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Team Canada’s golden generation not going anywhere

Men's hockey gold medalists, from left, Jonathan Toews, John Tavares, Sidney Crosby and Matt Duchene pose with their medals after beating Sweden 3-0 in the gold medal final at the Sochi Winter Olympics Sunday, February 23, 2014 in Sochi.


If you wanted to locate the true foundation of Team Canada's dominant turn at the 2014 Olympics, the world junior tournament isn't a bad place to start.

And, more specifically, the incredible team that won gold in 2005 in North Dakota, when the NHL lockout had put all eyes on a group of teenagers playing just over the border.

What was perhaps Canada's best ever world junior team went undefeated that year, outscoring its opposition 32-5 in the round robin with four straight blowouts of the Czech Republic, Sweden, Germany and Finland before torching Russia 6-1 in the gold-medal game.

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It wasn't even close, and in hindsight, we can see why.

The ties between that team and the one that won gold in Sochi on Sunday are hard to miss, as six members that world junior squad – Sidney Crosby, Shea Weber, Jeff Carter, Ryan Getzlaf, Corey Perry and Patrice Bergeron – were key members of both teams.

But you can even extend that argument out a little, taking into account Canada's run of five straight gold medals at the world juniors between 2005 and 2009.

In all, 13 of the 25 players at these Olympics were on those teams, and they formed the youthful backbone of one of the best international teams ever assembled.

They ultimately accounted for 15 of the 17 goals Team Canada scored in these Olympics, three of the top four defencemen, and Carey Price, the starting goaltender, who starred on the 2007 world junior team right in the middle of that gold medal run.

It obviously makes sense that there would be some carry over between world junior teams and Olympic squads, but the extent to which that five-year class has given Canada the world's best roster is pretty remarkable.

Consider just how limited the veteran influence was in Canada's win on Sunday. The only players who played a central role in Sochi who weren't on those five world junior teams were Duncan Keith, Chris Kunitz and Patrick Marleau, who are all older than that core group and who also never played for Canada at the under-20 tournament.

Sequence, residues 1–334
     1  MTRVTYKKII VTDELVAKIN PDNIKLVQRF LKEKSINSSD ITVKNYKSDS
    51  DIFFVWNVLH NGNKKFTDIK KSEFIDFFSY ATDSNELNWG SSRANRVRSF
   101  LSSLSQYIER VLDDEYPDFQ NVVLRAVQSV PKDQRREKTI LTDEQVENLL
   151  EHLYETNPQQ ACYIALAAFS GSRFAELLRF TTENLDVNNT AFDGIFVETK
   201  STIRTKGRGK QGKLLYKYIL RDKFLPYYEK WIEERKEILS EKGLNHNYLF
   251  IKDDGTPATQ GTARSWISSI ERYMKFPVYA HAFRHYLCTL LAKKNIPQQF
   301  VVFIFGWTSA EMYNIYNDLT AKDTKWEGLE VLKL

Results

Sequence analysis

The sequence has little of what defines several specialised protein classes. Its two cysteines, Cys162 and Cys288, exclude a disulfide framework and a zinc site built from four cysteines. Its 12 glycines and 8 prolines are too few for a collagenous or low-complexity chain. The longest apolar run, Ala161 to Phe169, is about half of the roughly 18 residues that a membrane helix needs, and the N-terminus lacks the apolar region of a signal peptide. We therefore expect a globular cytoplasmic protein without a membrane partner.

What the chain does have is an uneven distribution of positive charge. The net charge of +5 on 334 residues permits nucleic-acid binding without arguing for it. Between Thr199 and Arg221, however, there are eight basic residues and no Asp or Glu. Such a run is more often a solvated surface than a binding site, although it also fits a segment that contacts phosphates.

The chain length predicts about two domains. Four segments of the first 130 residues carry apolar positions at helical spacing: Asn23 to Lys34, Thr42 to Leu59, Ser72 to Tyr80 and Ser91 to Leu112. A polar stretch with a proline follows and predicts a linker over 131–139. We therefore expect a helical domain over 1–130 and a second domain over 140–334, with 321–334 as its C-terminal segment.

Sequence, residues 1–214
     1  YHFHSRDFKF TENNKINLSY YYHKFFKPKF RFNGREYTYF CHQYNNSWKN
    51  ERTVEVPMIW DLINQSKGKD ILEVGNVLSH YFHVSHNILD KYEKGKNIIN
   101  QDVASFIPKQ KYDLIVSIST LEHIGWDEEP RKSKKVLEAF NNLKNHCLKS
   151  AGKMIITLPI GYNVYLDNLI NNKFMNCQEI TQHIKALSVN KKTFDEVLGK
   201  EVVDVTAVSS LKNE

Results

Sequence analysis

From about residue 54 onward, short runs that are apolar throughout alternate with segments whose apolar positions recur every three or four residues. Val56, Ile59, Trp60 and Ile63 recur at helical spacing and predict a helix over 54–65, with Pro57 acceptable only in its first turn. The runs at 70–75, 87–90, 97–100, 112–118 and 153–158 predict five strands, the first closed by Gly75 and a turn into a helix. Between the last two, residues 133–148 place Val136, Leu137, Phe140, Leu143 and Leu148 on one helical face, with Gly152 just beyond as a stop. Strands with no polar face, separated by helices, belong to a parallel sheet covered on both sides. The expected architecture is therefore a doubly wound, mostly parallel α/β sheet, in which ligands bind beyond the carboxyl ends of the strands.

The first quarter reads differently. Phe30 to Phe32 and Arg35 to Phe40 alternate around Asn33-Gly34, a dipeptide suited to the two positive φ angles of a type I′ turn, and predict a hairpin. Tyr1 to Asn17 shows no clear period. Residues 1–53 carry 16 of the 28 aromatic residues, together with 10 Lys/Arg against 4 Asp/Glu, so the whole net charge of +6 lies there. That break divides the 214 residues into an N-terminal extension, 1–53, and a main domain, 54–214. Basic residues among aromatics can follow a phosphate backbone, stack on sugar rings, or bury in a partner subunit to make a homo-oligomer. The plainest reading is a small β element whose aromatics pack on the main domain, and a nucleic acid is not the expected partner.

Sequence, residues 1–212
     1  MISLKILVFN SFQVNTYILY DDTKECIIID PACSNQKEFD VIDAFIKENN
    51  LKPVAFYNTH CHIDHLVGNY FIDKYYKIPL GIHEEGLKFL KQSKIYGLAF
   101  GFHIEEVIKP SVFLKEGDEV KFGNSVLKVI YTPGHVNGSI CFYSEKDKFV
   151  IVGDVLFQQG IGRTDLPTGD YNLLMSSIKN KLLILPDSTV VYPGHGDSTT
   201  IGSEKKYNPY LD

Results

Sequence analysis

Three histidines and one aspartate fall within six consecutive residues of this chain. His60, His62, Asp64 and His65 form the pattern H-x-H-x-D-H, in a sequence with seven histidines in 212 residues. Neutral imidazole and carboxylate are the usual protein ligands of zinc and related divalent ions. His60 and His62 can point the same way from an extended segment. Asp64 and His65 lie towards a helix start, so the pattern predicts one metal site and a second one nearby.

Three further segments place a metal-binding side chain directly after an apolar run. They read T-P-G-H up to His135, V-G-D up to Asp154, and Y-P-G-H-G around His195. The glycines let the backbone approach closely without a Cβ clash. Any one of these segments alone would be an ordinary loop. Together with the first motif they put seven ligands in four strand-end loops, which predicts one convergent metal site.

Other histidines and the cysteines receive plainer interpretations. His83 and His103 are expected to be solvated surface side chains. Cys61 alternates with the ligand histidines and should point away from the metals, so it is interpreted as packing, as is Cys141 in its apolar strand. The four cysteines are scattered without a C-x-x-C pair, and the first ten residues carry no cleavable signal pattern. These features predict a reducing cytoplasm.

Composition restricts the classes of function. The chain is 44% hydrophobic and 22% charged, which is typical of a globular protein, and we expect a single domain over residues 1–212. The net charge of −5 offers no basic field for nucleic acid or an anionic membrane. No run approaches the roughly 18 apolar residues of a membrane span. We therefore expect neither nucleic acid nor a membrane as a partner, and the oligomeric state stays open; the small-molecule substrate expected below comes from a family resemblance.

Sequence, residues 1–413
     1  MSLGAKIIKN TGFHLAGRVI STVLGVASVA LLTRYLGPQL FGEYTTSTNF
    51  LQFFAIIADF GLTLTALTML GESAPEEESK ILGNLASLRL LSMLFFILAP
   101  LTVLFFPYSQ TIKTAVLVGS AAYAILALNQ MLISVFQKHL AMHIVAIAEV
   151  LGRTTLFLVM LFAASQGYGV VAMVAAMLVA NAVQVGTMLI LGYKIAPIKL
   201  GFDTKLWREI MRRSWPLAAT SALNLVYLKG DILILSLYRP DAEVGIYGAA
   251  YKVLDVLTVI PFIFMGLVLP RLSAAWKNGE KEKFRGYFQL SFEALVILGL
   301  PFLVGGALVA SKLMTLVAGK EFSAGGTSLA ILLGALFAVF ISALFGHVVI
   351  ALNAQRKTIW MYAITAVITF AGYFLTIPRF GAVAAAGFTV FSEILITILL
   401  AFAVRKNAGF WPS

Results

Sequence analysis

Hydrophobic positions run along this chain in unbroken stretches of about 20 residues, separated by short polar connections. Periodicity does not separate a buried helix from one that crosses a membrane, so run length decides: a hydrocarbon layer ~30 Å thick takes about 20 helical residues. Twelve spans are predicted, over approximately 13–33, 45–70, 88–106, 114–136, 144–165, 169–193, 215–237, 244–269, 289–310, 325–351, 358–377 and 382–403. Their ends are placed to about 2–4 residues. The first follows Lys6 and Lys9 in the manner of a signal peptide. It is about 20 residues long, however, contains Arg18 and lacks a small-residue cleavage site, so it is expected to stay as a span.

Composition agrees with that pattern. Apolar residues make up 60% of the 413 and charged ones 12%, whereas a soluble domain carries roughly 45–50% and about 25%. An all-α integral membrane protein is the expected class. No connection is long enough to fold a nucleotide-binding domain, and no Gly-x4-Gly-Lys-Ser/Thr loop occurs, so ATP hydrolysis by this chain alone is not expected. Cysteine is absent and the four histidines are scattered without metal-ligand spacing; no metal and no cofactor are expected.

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The only Canadian Olympians from world junior teams prior to 2005, meanwhile, were the backup goaltender (Roberto Luongo), two depth defencemen (Jay Bouwmeester and Dan Hamhuis) and Rick Nash, who averaged only 10 minutes a game on the fourth line.

This win in Sochi was not, in other words, built around veterans in the sense of those with long NHL careers, but veterans of other international triumphs – "veterans" who are all between the ages of 23 and 29.

Canada has been shut out on the gold medal count in the five world juniors since 2009, so perhaps the pipeline has slowed down in the interim. But if NHLers do go to the Games in South Korea in 2018, every member of this 2014 core is still young enough to come back for another attempt.

Team Canada won with speed and skill and defensive acumen, but they also won with winners, players who had been on that kind of international stage before – often together – and pulled it off.

That had to help.

World junior stars turned Olympians

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If you include the injured Steven Stamkos, fourteen players named to the 2014 Olympic team were part of Canada's five year gold-medal run at the world juniors between 2005 and 2009, including six key players from the powerhouse 2005 team. All of these players are still under 30 years old and the majority are 26 and under.



























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